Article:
Instrumentation For Biological/Physical Microstructure

by Tim Cowles and Russ Desiderio

Laboratory studies of zooplankton feeding mechanisms, selectivity, and swimming behavior over the past two decades have demonstrated the need to understand the conditions experienced by planktonic organisms in their natural habitat, on the time and space scales relevant to the organism. At the same time, advances in oceanic microstructure measurement technology by physical oceanographers have provided temperature, salinity, density, and turbulent kinetic energy shear data on centimeter vertical scales. These data have led to new insights into the intermittent nature of turbulent vertical mixing in the upper ocean. Given these data, what is the appropriate scale for evaluation of the organism's behavioral and physiological response to the mean and fluctuating components of the environment?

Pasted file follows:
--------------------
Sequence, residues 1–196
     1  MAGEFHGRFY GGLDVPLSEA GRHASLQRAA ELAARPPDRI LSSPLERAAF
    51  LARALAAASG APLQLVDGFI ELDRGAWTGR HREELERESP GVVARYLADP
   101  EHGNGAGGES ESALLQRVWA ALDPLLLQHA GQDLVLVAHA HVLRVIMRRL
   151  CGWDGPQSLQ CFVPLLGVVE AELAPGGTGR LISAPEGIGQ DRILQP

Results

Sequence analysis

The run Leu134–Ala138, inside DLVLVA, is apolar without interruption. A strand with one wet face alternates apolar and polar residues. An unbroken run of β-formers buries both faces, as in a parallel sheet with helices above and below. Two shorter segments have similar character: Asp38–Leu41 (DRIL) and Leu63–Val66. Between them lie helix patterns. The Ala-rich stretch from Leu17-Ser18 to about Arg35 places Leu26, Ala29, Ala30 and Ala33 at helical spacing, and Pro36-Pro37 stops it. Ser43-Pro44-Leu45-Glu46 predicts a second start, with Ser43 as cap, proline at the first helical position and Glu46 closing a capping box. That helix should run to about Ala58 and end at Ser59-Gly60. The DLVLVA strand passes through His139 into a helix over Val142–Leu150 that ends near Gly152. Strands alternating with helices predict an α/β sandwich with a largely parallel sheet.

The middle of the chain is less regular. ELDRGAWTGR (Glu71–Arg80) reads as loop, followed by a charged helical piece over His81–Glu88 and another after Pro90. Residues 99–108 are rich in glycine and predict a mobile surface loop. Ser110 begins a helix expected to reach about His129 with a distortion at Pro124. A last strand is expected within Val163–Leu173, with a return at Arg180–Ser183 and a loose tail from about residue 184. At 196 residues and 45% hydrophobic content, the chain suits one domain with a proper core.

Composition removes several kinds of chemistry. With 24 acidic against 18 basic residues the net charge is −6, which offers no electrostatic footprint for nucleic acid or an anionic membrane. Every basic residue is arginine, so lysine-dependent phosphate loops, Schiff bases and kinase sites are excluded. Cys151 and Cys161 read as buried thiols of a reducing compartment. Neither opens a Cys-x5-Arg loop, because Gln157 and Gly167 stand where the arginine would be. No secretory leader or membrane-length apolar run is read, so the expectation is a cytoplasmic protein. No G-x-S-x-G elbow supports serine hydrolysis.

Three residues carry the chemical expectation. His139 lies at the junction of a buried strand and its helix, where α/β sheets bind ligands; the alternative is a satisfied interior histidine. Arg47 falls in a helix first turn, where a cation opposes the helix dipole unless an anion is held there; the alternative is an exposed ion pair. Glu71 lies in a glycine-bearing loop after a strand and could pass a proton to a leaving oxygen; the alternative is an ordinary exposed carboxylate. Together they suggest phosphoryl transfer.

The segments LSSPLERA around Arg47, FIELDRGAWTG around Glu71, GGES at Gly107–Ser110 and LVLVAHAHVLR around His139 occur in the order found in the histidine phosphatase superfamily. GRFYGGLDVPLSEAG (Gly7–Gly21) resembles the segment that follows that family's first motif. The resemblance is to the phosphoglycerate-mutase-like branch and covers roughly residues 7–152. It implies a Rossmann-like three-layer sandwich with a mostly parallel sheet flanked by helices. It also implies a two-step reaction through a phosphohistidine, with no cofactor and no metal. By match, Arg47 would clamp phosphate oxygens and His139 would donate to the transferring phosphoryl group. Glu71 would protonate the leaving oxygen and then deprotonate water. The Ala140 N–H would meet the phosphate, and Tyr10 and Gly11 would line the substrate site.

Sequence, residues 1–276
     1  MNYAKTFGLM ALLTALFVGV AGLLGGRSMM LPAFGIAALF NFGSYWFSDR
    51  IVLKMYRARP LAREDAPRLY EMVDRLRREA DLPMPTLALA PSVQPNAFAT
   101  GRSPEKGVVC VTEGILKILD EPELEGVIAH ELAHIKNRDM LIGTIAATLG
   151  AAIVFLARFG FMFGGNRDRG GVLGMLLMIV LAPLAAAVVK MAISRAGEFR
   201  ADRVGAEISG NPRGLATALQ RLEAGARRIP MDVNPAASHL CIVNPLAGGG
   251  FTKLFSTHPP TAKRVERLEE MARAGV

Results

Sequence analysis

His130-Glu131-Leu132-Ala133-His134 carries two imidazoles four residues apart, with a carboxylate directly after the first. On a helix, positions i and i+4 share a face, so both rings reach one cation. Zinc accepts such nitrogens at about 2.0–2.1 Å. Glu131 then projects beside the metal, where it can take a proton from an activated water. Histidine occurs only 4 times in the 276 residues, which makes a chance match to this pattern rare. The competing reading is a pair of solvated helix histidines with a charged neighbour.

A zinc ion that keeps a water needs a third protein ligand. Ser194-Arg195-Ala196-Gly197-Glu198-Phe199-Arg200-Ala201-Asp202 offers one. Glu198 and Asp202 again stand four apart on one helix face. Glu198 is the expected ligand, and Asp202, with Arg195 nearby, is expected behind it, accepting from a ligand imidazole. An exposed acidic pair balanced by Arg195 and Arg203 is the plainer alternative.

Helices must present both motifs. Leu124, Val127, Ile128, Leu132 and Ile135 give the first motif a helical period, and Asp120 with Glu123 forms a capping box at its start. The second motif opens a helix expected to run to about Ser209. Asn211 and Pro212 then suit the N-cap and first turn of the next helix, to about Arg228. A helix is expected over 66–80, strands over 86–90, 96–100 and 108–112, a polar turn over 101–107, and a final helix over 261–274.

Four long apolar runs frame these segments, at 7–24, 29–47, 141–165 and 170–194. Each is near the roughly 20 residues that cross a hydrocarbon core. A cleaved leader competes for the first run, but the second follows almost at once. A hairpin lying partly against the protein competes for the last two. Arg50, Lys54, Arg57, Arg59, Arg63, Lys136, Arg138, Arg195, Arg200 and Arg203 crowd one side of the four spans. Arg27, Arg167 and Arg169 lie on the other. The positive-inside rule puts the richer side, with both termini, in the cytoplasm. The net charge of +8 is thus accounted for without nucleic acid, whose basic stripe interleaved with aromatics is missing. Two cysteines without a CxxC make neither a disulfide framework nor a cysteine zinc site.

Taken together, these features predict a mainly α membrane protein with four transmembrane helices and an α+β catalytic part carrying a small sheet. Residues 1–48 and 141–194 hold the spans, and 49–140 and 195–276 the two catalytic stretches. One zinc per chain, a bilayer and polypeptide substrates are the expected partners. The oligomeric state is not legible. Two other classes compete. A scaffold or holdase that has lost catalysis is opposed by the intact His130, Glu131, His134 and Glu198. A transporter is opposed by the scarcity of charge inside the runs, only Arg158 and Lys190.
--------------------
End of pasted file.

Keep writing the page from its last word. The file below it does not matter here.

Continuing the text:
Our approach to answering this question has been to integrate new biooptical instrumentation with existing physical oceanographic instruments to obtain coincident biological/physical data over small spatial scales and short time scales. We now have two different instrument packages which can begin to address small-scale biological variability in the field, and its connection to physical microstructure.

Laser/Fiber Optic Micro-structure Fluorometer